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Thank you for giving us the opportunity to help you in your home purchase needs.  Our goal is to provide our home buyers a world class service focus on finding their perfect home, at the best price, within the right amount of time, with the least amount of problems.
Buying a home is a big decision. The financial and emotional stakes are high, but the rewards can make it all worth it. The material within FirmRE can help you prepare to start your home-buying journey.
FirmRE REALTORS© are available to help you get started.

Knowing how much you can afford to pay is a crucial step in your search. Nailing down your budget early will make the overall process more focused and less stressful.
Here’s a good way to figure out how much you can afford:

The 28/36 Rule

The 28/36 rule is an established benchmark used by many lenders to determine how much credit to offer you. Here’s how it works:
The “28” refers to the notion that no more than 28 percent of your gross monthly household income should go toward housing costs, which include mortgage principal, interest, taxes and insurance.
To calculate, simply multiply your gross monthly income (amount before taxes) by .28. Use this amount as a guide for how much house you can afford.
Example: You earn an annual salary of $70,000. Divide 70,000 by 12, giving you a monthly gross income of $5,833. Multiply that by .28, and you’ll find you should spend no more than $1,633 each month on total housing costs.
The “36” part of the 28/36 rule refers to your overall debt, which shouldn’t exceed 36 percent of your income. This is important to consider because other high monthly debt loads – such as car and credit card payments – impact the amount you can afford to spend on housing.
For first-time home buyers, the tricky part is knowing how much to budget for taxes and insurance. An experienced real estate professional can assist you with this.
 

Plain and simple, owning a home can improve your quality of life, provide stability and give you a sense of control you just can’t get from renting. You have a place to live when you rent, but buying is something much deeper – and better.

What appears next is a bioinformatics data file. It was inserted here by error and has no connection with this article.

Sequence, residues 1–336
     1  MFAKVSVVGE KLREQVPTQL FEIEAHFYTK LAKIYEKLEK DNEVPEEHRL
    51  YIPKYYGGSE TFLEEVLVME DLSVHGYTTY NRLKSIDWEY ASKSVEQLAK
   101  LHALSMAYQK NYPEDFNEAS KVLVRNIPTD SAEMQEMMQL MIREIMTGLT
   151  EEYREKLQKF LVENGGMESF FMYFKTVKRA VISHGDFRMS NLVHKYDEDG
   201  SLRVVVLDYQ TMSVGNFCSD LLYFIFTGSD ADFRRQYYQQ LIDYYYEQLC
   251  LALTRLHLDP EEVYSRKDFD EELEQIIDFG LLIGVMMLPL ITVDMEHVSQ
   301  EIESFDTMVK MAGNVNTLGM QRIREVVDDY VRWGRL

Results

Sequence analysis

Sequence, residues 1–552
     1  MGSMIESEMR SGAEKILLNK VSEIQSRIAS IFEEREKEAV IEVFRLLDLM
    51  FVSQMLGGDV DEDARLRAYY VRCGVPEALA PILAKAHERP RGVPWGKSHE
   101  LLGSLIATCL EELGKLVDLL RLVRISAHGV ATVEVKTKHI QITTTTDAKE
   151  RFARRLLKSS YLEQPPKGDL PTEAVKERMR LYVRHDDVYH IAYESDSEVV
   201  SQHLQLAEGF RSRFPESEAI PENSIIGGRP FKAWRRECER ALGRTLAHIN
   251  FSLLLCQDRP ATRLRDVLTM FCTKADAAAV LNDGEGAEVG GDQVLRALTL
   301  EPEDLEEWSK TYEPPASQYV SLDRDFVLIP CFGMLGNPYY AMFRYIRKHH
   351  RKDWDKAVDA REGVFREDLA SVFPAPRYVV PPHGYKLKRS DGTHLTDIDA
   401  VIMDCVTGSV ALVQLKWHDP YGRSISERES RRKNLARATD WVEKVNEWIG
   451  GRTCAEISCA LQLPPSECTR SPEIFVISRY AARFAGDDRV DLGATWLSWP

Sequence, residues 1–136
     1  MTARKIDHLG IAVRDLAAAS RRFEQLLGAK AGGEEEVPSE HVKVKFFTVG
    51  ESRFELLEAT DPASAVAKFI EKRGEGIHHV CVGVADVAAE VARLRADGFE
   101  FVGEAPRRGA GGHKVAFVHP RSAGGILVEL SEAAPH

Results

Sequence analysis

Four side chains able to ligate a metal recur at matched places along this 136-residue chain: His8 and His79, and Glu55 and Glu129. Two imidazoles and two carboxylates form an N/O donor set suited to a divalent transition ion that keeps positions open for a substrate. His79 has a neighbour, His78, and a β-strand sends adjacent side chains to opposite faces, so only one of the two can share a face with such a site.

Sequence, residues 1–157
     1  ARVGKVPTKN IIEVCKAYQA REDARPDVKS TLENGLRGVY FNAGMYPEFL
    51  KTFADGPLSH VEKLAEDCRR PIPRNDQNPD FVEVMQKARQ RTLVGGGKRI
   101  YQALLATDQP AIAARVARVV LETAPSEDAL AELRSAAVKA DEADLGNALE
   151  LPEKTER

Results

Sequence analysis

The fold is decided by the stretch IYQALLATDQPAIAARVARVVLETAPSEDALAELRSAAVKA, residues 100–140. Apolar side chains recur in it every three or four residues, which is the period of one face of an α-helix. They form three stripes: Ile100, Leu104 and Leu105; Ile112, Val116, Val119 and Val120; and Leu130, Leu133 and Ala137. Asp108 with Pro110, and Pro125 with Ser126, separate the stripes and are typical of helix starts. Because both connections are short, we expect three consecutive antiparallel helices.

The intangibles are tough to measure, but there are other benefits you can quantify:
Financial investment:
Your monthly mortgage payment creates equity for you, not your landlord.
The interest on your mortgage is a tax deduction:
While this isn’t a reason in itself to buy a home, it’s nice to get a break at tax time.
Fixed monthly housing payment:
If you opt for a fixed-rate mortgage, the monthly rate of your mortgage won’t change for the length of the term.
Tax-free gain:
When it’s time to sell your home, you don’t pay taxes on the proceeds of the sale that are above what you paid (with some restrictions – see information on capital gains).

A real estate transaction is a complex process involving stacks of paperwork and a number of outside service providers and contractors.
An experienced buyer’s agent can guide you through the process, answering your questions and serving as your advocate (see the Anatomy of a Home Purchase). Your agent will help you find the property that fits your needs, submit offers and counteroffers, suggest a good property inspector and other professionals, and provide all sorts of relevant advice.
With a buyer’s agent, you’ll have someone on your side, looking out for your interests every step of the way.

What are the costs involved in hiring a buyer’s agent?

As a buyer, you don’t pay your agent directly. Instead, the agent receives an agreed-upon portion of the listing agent’s sales commission (usually about half), which is paid by the seller.

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